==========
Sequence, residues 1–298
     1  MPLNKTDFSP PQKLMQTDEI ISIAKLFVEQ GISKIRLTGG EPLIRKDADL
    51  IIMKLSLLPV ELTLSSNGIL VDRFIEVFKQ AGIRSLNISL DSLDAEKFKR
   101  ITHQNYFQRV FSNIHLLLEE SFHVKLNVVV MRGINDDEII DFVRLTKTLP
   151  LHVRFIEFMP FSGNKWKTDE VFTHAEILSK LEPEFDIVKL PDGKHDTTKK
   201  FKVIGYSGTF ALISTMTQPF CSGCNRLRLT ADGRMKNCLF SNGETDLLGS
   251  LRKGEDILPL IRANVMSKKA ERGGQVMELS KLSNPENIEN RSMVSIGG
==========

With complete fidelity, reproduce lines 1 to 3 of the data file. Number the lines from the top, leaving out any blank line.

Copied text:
Sequence, residues 1–298
     1  MPLNKTDFSP PQKLMQTDEI ISIAKLFVEQ GISKIRLTGG EPLIRKDADL
    51  IIMKLSLLPV ELTLSSNGIL VDRFIEVFKQ AGIRSLNISL DSLDAEKFKR